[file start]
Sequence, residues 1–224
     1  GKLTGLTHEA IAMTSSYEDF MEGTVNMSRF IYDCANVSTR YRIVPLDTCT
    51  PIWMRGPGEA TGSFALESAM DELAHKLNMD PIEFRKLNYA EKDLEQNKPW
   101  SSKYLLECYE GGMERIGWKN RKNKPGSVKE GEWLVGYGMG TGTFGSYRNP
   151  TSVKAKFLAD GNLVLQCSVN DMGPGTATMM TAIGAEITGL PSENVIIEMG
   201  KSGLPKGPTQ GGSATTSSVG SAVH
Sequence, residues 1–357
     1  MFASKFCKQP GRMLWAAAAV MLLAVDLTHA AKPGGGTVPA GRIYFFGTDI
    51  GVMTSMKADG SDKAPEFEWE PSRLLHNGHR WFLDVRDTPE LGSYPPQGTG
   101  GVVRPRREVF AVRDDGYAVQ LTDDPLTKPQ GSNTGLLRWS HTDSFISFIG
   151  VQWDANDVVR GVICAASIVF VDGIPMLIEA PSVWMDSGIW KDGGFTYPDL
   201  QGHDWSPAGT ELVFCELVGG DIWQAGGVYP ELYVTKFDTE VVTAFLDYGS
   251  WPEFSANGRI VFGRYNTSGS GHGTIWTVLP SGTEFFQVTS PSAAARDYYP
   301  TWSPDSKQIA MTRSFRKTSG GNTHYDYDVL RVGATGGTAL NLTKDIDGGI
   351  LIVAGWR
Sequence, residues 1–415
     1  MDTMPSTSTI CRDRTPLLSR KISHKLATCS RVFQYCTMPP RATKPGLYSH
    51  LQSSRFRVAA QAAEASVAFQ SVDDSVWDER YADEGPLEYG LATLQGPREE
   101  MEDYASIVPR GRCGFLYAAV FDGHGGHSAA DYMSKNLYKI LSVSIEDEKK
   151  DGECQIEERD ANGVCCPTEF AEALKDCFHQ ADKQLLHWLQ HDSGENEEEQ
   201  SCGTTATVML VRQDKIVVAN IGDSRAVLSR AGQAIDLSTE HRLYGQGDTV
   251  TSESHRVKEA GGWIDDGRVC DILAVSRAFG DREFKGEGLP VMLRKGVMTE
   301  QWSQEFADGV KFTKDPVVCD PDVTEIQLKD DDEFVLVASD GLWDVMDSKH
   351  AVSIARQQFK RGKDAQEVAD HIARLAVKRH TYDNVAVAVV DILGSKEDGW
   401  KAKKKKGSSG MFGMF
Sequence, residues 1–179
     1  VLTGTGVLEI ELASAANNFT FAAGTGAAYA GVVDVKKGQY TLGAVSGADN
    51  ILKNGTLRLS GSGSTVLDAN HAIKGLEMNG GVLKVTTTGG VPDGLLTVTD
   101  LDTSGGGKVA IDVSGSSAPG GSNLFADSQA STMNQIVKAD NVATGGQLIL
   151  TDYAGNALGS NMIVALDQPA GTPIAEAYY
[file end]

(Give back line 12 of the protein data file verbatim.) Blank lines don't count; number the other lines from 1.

   201  QGHDWSPAGT ELVFCELVGG DIWQAGGVYP ELYVTKFDTE VVTAFLDYGS